One of the many repercussions of the 2005 hurricane season was that insurance companies started adding hurricane and wind deductibles to homeowners insurance policies. The deductibles are not as simple as a renters insurance deductible, say, where the policyholder is responsible for the first $1,000 of damage and the insurer covers the rest — up to the coverage limit, of course.
No, the deductibles are calculated as a percent of the home’s value. With some companies charging as much as 5 percent, then, a Florida homeowner with a house valued at $500,000 would pay about $25,000 before the insurance policy would kick in. The way the policies are written, though, the deductible may not apply if the storm is not strictly a hurricane.
For homeowners in the Northeast, that classification could be the silver lining to Superstorm Sandy. The National Hurricane Center downgraded Hurricane Sandy to a “post-tropical storm” before she hit the East Coast. She wasn’t a hurricane, so the companies cannot enforce the hurricane deductibles.
That may be the only good news for homeowners with wind and water damage from the storm, though. Insurance companies often differentiate between wind and storm damage. It is possible that a policy could exclude coverage for damage from wind because Sandy was not a hurricane.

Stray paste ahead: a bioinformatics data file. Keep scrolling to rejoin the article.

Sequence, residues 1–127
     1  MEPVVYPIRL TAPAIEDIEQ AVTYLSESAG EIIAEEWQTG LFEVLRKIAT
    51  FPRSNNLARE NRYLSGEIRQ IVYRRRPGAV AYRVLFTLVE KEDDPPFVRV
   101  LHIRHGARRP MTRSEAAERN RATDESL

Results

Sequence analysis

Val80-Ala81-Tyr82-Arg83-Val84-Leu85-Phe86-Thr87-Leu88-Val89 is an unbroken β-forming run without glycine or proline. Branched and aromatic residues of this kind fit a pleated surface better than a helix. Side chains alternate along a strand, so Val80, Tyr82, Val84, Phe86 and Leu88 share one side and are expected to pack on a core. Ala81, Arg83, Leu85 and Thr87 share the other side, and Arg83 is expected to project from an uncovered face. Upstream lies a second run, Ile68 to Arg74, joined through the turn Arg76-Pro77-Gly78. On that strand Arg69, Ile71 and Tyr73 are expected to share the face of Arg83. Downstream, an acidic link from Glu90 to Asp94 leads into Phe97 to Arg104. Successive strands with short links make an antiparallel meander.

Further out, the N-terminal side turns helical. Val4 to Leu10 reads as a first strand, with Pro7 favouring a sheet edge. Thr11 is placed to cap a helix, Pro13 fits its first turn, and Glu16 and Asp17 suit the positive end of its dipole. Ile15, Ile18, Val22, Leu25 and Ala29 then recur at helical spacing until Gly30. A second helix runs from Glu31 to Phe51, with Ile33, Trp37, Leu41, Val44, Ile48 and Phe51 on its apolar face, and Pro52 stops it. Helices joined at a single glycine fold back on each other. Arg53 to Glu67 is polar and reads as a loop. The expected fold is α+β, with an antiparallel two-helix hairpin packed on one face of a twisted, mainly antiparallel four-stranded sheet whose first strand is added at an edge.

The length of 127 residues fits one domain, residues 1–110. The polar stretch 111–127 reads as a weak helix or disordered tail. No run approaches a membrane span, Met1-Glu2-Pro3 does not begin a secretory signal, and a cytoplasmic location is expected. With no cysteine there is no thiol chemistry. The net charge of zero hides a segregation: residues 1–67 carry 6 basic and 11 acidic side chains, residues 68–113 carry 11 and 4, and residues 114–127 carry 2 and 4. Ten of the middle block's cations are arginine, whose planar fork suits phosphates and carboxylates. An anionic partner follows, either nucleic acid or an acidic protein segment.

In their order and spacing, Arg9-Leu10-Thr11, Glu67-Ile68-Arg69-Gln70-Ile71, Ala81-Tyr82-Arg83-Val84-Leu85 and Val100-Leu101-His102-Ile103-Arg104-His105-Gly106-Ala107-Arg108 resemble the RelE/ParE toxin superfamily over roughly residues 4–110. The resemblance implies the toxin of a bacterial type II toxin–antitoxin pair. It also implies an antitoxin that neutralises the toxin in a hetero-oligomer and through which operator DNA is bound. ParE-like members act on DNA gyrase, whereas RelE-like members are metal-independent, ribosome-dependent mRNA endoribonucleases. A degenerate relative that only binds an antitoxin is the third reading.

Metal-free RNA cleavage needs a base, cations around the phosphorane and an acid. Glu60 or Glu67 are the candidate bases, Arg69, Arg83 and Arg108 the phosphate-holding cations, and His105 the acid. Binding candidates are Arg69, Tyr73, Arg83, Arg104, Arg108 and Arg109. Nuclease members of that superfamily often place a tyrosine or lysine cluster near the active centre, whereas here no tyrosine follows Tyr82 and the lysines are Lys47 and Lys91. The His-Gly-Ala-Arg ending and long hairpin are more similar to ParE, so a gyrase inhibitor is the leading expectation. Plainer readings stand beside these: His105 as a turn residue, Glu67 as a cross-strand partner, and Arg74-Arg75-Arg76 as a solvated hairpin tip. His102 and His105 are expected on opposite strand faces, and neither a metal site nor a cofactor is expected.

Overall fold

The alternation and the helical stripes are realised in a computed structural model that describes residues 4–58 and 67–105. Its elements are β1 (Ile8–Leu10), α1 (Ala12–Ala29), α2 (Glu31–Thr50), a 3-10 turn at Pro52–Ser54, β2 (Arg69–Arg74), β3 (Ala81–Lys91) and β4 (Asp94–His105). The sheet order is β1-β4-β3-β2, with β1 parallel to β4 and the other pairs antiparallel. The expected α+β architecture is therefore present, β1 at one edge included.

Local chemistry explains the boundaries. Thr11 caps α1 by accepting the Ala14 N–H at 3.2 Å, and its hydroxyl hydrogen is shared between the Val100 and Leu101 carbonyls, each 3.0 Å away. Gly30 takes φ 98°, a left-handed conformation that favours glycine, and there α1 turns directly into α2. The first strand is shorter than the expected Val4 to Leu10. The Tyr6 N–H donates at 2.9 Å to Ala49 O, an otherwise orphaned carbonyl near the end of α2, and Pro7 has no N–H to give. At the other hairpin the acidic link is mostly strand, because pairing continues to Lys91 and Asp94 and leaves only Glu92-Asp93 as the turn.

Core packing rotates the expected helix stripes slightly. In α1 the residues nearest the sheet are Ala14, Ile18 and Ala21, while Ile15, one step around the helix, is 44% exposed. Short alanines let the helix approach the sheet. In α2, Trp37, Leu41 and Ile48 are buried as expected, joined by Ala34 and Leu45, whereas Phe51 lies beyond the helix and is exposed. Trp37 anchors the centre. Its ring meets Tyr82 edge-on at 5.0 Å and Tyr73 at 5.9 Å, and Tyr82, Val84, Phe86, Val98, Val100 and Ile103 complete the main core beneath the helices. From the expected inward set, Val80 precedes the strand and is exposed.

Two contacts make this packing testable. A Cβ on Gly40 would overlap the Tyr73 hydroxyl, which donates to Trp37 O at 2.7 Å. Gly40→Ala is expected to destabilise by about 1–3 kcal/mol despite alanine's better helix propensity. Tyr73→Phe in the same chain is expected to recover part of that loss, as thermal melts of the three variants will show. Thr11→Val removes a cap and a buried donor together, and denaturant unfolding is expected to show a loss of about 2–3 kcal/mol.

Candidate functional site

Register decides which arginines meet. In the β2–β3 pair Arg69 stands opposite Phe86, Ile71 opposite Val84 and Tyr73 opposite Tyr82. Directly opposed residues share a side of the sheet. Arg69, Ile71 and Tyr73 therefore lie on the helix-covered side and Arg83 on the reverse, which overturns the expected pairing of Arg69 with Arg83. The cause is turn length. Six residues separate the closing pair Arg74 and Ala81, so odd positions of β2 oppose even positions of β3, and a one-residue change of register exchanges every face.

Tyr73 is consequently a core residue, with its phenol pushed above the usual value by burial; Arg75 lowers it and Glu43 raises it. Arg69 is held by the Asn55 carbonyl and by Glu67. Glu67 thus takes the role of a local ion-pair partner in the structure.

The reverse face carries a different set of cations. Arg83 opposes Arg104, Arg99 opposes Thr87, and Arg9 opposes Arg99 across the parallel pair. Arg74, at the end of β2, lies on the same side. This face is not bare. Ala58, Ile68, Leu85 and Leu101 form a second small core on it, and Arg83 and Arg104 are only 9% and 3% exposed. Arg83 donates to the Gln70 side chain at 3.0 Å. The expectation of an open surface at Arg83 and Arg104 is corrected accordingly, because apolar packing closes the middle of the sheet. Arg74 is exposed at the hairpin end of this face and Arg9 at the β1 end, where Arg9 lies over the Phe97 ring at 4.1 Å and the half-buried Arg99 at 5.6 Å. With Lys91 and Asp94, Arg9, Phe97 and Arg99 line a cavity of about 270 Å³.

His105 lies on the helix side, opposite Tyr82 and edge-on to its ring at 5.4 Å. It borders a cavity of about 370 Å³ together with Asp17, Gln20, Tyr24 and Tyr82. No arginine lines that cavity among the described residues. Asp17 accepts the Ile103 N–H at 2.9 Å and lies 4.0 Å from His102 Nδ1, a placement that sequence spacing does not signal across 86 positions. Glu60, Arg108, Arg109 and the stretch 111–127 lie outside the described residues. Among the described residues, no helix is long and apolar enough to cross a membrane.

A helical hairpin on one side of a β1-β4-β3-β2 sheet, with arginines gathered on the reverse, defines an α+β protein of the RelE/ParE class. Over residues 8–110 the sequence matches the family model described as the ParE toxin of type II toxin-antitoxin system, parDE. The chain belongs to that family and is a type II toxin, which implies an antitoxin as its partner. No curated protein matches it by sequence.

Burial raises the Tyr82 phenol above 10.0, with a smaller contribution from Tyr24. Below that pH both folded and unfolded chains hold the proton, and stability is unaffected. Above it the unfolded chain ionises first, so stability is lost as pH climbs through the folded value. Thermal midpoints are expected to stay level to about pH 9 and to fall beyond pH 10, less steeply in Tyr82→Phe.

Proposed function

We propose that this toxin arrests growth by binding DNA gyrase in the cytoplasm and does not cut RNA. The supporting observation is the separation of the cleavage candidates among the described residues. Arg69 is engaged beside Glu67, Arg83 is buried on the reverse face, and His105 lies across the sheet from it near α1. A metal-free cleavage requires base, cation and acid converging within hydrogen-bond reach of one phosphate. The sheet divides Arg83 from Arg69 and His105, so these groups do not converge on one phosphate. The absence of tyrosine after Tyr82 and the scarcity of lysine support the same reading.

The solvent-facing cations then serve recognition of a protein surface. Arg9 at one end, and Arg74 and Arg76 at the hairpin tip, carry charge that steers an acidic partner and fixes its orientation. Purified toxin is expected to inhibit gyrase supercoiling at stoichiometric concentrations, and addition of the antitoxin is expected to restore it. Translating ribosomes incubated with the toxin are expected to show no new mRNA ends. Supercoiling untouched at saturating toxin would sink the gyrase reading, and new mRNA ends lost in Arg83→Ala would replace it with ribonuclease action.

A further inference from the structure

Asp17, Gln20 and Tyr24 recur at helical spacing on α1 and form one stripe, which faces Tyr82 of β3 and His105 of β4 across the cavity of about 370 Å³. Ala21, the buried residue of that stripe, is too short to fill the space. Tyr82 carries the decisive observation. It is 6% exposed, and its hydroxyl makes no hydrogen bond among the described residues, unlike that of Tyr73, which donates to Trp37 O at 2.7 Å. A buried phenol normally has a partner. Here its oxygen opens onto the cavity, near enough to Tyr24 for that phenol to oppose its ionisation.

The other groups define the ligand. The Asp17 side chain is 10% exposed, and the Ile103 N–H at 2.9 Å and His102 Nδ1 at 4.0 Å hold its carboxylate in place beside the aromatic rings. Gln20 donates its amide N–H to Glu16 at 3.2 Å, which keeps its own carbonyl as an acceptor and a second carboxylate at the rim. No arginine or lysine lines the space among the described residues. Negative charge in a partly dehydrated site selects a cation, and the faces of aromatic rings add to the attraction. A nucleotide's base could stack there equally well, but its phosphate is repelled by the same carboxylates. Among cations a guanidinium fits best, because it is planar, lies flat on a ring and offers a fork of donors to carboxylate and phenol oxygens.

And, of course, there is no guarantee that the insurance industry will not argue the “post-tropical storm” classification with state insurance regulators. Sustained winds of up to 74 mph are one indicator that a storm is a “hurricane,” and Sandy reportedly hit the coast with winds of 80 mph.
Source: Insurance Journal, “Controversy Over Hurricane Deductibles May Just Be Beginning,” Beth Pinsker Gladstone, Nov. 2, 2012
Our firm helps homeowners with insurance coverage disputes like the ones some homeowners hit by Sandy may be facing. If you would like to learn more about our practice, please visit the Miami, Florida, insurance coverage disputes page of our website.Share